The impact was more than just about numbers, the professors learned. The trolls had empowered America’s outliers, people who held the most extreme views. They fostered a sense that outrage was more common than it might be, that chaos was normal.
“Think about it,” Warren said. “There are town hall meetings happening across the United States every month, and how many involve people yelling at each other? Almost never, right? And, if they do, they make the news. Because it’s so rare.”
But looking into social media’s hall of mirrors made you think those outliers were the norm.
It also came amid another disinformation campaign: Russian agents had hacked into the computer of Hillary Clinton’s presidential campaign chairman and stolen emails from top Democratic Party officials. The Russians had then given the emails to Wikileaks, which released them.
Now it was the trolls' turn. With their newly amplified audience of outliers, they poured fuel on an internet fire. “BOOM! Wikileaks Confirms Hillary Sold Weapons To ISIS,” a troll named @ameliebaldwin wrote. This happened the same day The Washington Post published a video of Trump bragging about grabbing women’s privates. That story and the Wikileaks email hack vied for the nation’s attention. The Russian trolls pushed hard on the email story.
Later investigations found that trolls and automated bot accounts generated 1.4 million election-related tweets. Those tweets reached 288 million Twitter users. Trolls also worked on Facebook and Instagram, reaching more than 126 million Americans, a 2017 Senate Intelligence Committee report said. Taken together, the trolls had successfully injected a massive volume of vitriol into America’s body of discourse.
“They were taking advantage of America’s open wounds and poking a stick in them,” Linvill said. “They wanted us to be disgusted with each other.”
7. Chronic Contagion
Dec. 18 was a quiet day on the Clemson campus. Students were on break, and Warren and Linvill had a chance to catch up on their troll research.
It was a big day in Washington, D.C., though, and on social media. The U.S. House of Representatives was voting to impeach President Donald Trump.
Linvill listened to some of the proceedings but had to turn it off. He'd listened to Republicans and Democrats speak past each other. It was just the kind of divisiveness that the trolls had tried to foster.
The professors' lives have taken unexpected turns since that first game of Pandemic in the basement in early 2018.
Federal investigators have tapped their expertise. Brig. Gen. William Hartman, leader of the U.S. Army's Cyber Command, has called their work "invaluable." Congressional investigators also have called, including the one who prepped U.S. Sen. Susan Collins for the Twitter hearing.
After Collins referenced the Clemson professors, journalists began phoning them, often asking whether a particular Twitter account was a troll. Nearly every time, Linvill said, the suspect wasn’t a troll. It was just some jerk. A real one.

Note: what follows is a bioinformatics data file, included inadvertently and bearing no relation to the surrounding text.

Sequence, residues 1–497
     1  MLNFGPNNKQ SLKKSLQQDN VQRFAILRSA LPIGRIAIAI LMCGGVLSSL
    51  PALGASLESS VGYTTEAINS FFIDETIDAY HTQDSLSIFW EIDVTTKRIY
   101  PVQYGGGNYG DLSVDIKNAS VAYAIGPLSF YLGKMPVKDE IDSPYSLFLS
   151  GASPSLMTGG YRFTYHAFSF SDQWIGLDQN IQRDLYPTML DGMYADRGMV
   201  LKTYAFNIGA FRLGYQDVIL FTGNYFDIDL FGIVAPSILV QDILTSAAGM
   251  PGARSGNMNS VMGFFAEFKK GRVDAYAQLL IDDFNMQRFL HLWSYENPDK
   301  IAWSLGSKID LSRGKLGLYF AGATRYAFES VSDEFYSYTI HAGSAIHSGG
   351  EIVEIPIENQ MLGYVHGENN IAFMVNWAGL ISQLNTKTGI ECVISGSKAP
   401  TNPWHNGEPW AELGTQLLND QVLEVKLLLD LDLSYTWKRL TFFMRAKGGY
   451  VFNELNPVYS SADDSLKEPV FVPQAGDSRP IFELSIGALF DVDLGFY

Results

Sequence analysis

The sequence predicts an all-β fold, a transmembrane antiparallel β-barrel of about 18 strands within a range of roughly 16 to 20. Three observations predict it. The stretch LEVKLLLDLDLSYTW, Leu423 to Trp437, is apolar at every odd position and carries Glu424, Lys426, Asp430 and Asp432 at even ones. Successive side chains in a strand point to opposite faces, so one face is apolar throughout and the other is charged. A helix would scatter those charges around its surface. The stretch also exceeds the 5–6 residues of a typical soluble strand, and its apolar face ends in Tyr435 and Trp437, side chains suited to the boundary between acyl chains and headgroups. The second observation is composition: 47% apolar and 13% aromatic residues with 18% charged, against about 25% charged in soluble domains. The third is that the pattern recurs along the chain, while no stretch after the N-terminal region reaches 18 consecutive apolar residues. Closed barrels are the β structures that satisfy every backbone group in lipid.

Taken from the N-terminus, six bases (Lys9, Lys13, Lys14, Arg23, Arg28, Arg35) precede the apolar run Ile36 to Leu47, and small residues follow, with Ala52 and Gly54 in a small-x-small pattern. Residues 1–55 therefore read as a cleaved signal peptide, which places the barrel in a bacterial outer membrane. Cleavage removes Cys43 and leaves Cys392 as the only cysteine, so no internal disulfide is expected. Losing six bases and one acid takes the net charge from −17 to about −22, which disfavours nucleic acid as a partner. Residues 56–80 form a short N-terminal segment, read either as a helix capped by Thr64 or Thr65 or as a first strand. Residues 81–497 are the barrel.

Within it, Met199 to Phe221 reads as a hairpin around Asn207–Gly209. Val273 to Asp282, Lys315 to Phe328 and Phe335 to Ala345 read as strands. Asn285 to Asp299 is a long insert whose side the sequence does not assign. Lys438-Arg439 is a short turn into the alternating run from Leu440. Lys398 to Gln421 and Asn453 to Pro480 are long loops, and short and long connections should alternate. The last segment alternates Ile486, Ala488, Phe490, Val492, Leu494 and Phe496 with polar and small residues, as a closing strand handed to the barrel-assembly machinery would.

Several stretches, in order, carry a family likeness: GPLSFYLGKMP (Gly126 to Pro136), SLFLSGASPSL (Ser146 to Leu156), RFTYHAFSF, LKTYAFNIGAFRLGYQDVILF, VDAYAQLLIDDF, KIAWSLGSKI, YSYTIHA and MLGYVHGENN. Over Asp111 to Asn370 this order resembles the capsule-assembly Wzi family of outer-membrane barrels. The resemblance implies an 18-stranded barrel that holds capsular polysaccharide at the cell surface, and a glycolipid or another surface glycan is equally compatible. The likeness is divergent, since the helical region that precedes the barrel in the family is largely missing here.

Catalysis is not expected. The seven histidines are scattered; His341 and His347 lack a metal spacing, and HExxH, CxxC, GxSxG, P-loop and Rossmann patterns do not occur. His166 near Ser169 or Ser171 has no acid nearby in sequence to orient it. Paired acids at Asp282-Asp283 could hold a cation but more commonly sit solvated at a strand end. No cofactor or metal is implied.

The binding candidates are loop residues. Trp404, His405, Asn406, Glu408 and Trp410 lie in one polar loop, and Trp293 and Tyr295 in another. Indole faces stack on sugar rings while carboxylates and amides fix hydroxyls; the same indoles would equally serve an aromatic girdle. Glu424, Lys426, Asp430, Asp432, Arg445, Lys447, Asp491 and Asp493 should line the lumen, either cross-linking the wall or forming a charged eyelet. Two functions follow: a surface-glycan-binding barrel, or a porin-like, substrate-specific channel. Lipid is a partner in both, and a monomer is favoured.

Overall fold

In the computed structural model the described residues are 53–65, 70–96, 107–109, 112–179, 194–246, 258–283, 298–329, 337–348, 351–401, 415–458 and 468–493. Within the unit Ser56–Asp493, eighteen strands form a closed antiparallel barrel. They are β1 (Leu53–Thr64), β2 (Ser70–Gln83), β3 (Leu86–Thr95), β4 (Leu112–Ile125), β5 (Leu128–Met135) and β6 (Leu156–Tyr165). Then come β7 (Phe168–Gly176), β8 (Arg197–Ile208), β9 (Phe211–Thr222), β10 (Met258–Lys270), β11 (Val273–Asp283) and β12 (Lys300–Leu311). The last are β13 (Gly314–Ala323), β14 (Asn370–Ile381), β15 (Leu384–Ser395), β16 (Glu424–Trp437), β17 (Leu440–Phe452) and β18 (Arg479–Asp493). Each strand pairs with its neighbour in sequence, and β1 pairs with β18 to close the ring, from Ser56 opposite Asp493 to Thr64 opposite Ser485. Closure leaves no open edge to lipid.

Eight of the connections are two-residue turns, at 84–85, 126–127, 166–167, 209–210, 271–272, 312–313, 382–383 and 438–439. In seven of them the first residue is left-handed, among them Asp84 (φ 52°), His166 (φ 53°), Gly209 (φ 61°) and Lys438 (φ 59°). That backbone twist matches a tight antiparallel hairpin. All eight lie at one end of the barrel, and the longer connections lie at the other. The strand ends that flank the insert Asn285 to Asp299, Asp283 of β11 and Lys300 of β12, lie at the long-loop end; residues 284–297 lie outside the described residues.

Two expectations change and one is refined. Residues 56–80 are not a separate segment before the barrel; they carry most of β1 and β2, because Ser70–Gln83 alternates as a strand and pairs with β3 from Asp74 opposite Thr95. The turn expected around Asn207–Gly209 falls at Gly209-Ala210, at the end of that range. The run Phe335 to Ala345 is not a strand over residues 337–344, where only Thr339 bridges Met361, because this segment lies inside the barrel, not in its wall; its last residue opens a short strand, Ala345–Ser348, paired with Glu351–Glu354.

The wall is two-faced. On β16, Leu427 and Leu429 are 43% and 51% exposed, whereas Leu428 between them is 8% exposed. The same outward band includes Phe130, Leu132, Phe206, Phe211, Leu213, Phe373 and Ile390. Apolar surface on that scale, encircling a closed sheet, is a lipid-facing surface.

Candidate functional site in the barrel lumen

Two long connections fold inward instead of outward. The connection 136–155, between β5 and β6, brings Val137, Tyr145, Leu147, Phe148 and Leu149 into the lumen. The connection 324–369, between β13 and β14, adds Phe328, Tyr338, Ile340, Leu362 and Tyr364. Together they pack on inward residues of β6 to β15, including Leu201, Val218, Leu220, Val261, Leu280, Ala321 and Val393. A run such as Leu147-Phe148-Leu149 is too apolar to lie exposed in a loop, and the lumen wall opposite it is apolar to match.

“It’s important to remember that a lot of the voices you see on social media are just not representative of real discussions in the world,” Linvill said.
As the impeachment hearings wore on, Warren joined Linvill in the school’s Social Media Listening Center, which was really just a converted classroom with lots of large-screen monitors. Warren, wearing a sweater with a Clemson tiger paw, monitored his phone. He suddenly let out a groan: The University of South Carolina, Clemson’s in-state rival, had landed the state’s top football recruit. Linvill shook his head.
Warren put his phone away and pointed to the screen. One showed a word cloud with #impeachmenthearing in the largest letters. There in a classroom, they moved quickly into teaching mode. China and Iran have their own troll factories now, they said. In October, Daryl Morey, the general manager of the Houston Rockets, posted a positive tweet about Hong Kong protesters.
In response, pro-Chinese government trolls generated 1,000 new Twitter accounts a day for a week, with each one blasting Morey.
"The Chinese could dwarf what the Russians have done,” Linvill said. "The Chinese have the ability to throw vast resources at something as seemingly minor as a single, offensive tweet."
And the Russians haven’t quit.
In August, a troll named @IamTyraJackson garnered nearly 290,000 likes for a single tweet about a football player’s charity work. And then there's @Dany_xoo, who posted a video of a 2-year-old playing soccer on his father’s bed. It generated more than 430,000 likes.
Warren and Linvill reported the trolls to Twitter, which suspended their accounts.
But even after the troll accounts are gone, their effects linger like a virus that doesn’t go away, the professors said.
“The reason that it’s so diabolical is that it sticks,” Warren said. “It’s like an infection. It spreads into the social media ecosystem. And even when you take away that vector, you’ve done lasting damage to the body.”
Over time, the trolls foster a chronic feeling of disgust.
“Destroying empathy is their end goal, and disgust is the mechanism,” Warren said.
Infect enough people, Linvill added, and soon you have friends and neighbors calling each other animals. That's the kind of rhetoric you see before genocides and wars.
Given the stakes, the professors are pushing hard to make Clemson a center of social media research. In class, they're trying to educate their students about how to be more cautious social media users. The good news, Linvill said, is that young people tend to be more savvy about ignoring the trolls. The bad news: Baby Boomers seemed to get more easily suckered.
Warren’s phone rang.
It was a call from a congressional aide. Linvill said he had a similar call from a federal agency in the morning. Warren excused himself to take the aide's call. Classes were out, so the long hallway was quiet and empty, amplifying his footsteps. •